Pregnant? Don’t want to be? Call Jane. So says the flyer pasted to the side of a mailbox in downtown Chicago. Joy sees it after she stumbles out of a creepy-looking back-alley abortion clinic, unable to go through with the procedure. The year is 1969.
This is a feature film, not a documentary, but “The Jane Collective” was a real underground organization that helped women get safe abortions—and the all-important aftercare. (A documentary The Janes was released by HBO in June.)
Joy (a terrific Elizabeth Banks) is happily married to Will, who’s just made partner at his law firm, and they have a fifteen-year-old daughter, Charlotte. Joy is a traditional stay-at-home mom but sometimes edits her husband’s law briefs because, as he tells her, “You make me sound like Clarence Darrow.” Joy is very happy to be expecting a second child, until she develops congestive heart failure and the only way to reverse it is through “therapeutic termination” of the pregnancy. Barring that, she has a 50/50 chance of survival. Her doctor says she’ll need hospital board approval to terminate. She goes to the meeting bearing a tray of homemade cookies. The all-male board treats her as if she isn’t there. When they are told she might have a 50/50 chance of survival, that’s good enough for them. “Is there any number that would sway you?” Joy asks, but her question falls on deaf ears.
At home, Joy tells her husband she’s not ready to die. She still has much she wants to accomplish, including being there for Charlotte. Her husband, although upset, doesn’t have any answers. He’s always been a rule-follower.
Joy’s doctor tells her there’s another option: convince two psychiatrists she’s suicidal. Yes, she can do that, she tells him, but one of the psychiatrists doesn’t believe her. Plan B is to fall down a staircase. “It worked for me,” the receptionist at a doctor’s office tells her. Joy can’t quite bring herself to do that, which is how she ends up at a back-alley abortion clinic, unbeknownst to Will, and ultimately—unbeknownst to Will—calls Jane.
The real Jane Collective started up in 1969, when abortion was generally illegal in all but four states. This volunteer network consisted of working women, stay-at-home moms, and students, some of whom had used the service themselves and joined the cause. In the movie, Joy joins the cause and trains herself to do the procedure. “You could have been a nurse,” the abortion doctor tells her after she performs her first procedure. “I could have been a doctor,” she replies.
In May 1972, the Janes were raided by a Chicago homicide detective who came looking for the abortion doctor but found only women. As in the movie, some of the real Janes had trained themselves to do the procedure after discovering that a doctor they’d hired was actually only a medic who’d served in the Korean War. This enabled them to provide more abortions at a much lower cost or even for free. In the beginning, most of the women who came to them were affluent. Later on, many poorer women sought them out. Seven Janes spent a night in jail and were still awaiting trial eight months later when their case was thrown out because the Supreme Court had decided Roe v. Wade, making abortion legal in all fifty states. In any case, the women had proven hard to prosecute. On the way to jail, they’d swallowed their ‘clients’ names/addresses ripped off index cards; additionally, the DA couldn’t find anybody who wanted to testify against the Janes—they’d performed about 11,000 abortions without a single fatality.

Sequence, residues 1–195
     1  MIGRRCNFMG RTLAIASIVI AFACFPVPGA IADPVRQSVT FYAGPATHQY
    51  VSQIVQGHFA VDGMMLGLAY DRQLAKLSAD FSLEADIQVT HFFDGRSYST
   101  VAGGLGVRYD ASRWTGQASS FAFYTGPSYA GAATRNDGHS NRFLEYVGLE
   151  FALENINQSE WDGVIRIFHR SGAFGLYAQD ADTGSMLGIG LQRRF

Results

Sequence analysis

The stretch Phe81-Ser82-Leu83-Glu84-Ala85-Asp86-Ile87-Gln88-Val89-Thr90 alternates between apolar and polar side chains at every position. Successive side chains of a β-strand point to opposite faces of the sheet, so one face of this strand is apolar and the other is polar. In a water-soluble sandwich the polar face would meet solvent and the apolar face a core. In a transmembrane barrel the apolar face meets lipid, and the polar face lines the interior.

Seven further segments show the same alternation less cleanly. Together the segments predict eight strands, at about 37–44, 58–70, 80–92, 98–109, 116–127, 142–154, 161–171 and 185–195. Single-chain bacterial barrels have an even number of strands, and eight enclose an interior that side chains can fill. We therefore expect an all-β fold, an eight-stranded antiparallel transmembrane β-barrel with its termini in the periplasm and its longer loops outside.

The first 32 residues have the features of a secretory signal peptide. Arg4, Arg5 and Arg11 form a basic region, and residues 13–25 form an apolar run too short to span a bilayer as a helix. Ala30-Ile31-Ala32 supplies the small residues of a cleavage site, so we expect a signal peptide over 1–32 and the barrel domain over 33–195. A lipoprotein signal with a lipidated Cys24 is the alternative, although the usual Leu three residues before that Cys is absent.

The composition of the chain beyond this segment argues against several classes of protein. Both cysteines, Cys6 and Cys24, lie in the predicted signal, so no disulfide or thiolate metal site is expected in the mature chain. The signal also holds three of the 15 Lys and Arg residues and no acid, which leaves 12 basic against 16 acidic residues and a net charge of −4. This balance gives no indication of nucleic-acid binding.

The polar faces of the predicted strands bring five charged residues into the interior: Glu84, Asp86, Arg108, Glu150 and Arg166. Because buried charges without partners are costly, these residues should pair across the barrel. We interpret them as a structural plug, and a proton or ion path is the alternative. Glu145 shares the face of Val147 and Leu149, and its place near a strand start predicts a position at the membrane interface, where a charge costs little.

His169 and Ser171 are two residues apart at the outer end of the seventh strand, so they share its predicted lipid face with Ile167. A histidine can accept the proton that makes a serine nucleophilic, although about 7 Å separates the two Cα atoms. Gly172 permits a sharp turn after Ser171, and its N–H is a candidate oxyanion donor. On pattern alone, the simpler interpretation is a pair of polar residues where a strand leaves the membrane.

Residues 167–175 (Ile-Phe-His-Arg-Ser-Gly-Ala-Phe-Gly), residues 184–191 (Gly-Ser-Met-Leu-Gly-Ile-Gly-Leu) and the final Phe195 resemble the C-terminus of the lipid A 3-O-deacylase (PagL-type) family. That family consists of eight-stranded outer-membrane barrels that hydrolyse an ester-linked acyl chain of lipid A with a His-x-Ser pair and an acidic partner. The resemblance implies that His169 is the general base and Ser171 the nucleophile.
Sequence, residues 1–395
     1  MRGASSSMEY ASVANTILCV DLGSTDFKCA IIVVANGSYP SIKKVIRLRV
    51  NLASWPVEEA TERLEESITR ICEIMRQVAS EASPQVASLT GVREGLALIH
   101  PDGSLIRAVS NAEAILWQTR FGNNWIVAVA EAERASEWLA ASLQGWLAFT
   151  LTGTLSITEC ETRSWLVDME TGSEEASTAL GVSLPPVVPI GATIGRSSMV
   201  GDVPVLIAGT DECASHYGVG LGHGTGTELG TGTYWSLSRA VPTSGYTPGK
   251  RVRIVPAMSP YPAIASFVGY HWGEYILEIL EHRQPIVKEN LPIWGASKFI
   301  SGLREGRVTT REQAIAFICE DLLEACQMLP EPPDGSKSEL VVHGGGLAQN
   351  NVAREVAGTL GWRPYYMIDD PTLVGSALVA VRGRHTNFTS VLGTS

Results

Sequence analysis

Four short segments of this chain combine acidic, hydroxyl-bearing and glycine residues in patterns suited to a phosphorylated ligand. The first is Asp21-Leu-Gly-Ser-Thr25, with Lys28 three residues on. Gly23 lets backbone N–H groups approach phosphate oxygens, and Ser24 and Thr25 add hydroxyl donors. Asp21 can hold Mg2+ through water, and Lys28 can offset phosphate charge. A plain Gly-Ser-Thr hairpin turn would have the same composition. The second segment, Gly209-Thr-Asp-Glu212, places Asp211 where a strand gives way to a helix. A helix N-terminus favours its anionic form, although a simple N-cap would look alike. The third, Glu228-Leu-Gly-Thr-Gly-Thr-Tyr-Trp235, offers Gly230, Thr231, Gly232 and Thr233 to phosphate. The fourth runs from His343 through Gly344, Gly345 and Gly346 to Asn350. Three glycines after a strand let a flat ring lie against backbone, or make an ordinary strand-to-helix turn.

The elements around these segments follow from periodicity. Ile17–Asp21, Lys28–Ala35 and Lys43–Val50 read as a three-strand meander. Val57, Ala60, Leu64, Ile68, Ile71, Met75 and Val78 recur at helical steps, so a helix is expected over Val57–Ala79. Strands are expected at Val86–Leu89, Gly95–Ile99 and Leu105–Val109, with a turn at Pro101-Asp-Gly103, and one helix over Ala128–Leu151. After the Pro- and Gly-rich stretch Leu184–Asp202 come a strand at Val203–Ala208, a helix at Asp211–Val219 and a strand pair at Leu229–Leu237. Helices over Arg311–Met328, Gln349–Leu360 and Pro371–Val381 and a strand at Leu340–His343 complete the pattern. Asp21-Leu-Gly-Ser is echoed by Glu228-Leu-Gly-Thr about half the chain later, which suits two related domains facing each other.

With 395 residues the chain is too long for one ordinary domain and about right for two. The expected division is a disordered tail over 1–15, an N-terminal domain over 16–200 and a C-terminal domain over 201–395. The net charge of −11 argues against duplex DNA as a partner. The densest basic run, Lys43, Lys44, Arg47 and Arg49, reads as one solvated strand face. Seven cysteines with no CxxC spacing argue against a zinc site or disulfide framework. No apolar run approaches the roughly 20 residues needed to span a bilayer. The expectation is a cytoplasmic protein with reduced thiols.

In the film, the leader of the pack is Virginia (Sigourney Weaver, also terrific), an older woman who’s fought for causes all her life. In real life, the founder was a student at the University of Chicago who helped an almost-suicidal friend obtain an abortion. Not long after, another woman called. Then another, and another and . . . Overwhelmed, she conceived the idea for the Jane Collective in her dorm room. At the time, Cook County Hospital in Chicago had a septic abortion ward that was always full of women who’d had botched abortions–as did many hospitals across the country.
Despite the subject matter, Call Jane is an entertaining film. It’s a drama filled with some funny moments (just like any real life) and it doesn’t feel preachy. Joy is a conservative and extremely likeable character, and she initially tells Virginia she disapproves of what the collective is doing after she meets a young woman who seems to be using the service as birth control—her married boss keeps footing the bill.
The movie finished filming last year, well before the Supreme Court decision in June that overturned Roe v. Wade. If I’d seen a movie like this a few years ago, I would have thought, wow, what an amazing thing these women did, and thank goodness the sneaking around is over and all women have access to a safe procedure if they need one. There are those who disagree, those who believe the life of a fetus is as important—or more important—than the life of the mother.
My hope is that many people from both sides will see this film and discuss it. Reasonable minds can disagree and still agree on ways to see another’s point of view and compromise. Sex isn’t going away; unplanned or unwanted pregnancies are inevitable, even with birth control; medical emergencies sometimes threaten the life of a pregnant mother; rape and incest are as old as mankind.
As a woman and citizen of the United States living in the 21st century, what I find totally unacceptable is that a woman’s right to an abortion—or not—is now a decision left to each state. It means that life, liberty and the pursuit of happiness is not equal for all women in these United States of America.